13. The 1st Petitioner has explained this purchase thus. There was a partition between her husband and his brothers and her husband had also purchased the share of his elder brother so that he was entitled to two shares. At the time of his death, however, he was in possession of only one share, the other share having been sold for a debt under a Court auction sale and being in the possession of third parties. On his death the widows resided in the share still possessed by their husband at his death, and subsequently they re-purchased the other share of the house under Ex. I.
14. The learned District Munsif found that the two shares are worth Rs. 2,000 on 1st Petitioner's own evidence.
15. I have perused the sale deed Ex. I and it is clear that the whole purchase price consists of two debts due directly to the deceased Sundaram Asari so that none of it represents savings from the income of the estate made by the widows.
16. As regards utensils and jewels the 1st Petitioner was left such articles to the value of Rs. 345 and 2nd Petitioner to the value of Rs. 424, but 1st Petitioner has sworn that they have had to sell those articles to maintain themselves and are now paupers. There is no evidence contra. It will be noticed that even the sale of these jewels and utensils was beyond the power of the widows under the will.
17. The learned District Munsif refused to allow the pauper application, (1) because the Petitioners are in possession of sufficiently valuable estate left by Sundaram Asari; (2) the suit is filed on behalf of the estate and the estate is not a pauper.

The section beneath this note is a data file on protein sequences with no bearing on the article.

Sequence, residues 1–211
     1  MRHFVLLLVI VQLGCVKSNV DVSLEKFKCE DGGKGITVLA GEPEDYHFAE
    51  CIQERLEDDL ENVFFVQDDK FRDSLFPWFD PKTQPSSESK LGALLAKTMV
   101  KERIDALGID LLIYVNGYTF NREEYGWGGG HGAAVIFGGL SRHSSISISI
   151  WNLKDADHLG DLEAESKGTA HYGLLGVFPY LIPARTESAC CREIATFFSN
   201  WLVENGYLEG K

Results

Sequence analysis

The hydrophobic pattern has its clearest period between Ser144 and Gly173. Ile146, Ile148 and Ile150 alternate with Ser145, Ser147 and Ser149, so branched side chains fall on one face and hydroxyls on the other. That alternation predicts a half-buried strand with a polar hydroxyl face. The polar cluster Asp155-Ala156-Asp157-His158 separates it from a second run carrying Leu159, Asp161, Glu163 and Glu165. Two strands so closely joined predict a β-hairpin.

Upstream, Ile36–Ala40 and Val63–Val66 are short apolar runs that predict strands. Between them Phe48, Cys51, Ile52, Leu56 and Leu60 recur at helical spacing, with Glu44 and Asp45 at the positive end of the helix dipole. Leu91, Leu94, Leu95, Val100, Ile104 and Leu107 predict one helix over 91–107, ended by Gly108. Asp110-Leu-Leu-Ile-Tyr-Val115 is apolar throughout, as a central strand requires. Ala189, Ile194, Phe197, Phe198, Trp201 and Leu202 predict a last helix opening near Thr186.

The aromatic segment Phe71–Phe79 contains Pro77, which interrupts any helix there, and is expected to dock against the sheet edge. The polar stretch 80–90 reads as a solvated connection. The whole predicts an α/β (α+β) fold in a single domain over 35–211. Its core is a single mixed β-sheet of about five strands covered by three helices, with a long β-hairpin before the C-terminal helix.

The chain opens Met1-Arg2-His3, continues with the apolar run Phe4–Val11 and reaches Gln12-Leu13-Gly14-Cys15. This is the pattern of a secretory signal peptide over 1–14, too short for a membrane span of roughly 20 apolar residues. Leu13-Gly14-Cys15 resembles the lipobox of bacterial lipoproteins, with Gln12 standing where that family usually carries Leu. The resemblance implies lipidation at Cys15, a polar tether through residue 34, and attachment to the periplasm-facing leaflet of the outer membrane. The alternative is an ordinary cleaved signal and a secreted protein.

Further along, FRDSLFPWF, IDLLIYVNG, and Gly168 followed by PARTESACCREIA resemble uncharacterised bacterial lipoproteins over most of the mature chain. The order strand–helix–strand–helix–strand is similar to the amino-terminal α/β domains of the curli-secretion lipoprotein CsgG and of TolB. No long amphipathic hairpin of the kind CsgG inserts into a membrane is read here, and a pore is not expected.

18. With regard to ground (1) the possession is only that of persons with a life-interest on which it would be almost impossible to borrow any money. It is argued for Respondents that to save the estate necessary expenses may be incurred even by selling part of the property. I feel doubtful if any purchaser could be found to buy property under a title of this sort which the reversioners would be sure to attack. Rajagopala Gramani v. Baggiammal I.L.R. (1932) 56 Mad. 508 : 64 M.L.J. 235 is quoted for Respondents in this connection, but that was a question whether the Court could not sanction an advance out of an estate for the benefit of the minor under its extraordinary powers. That is a very different matter from widows alienating immovable property in which they have only a life-interest in order to raise funds to recover a debt due to their deceased husband's estate.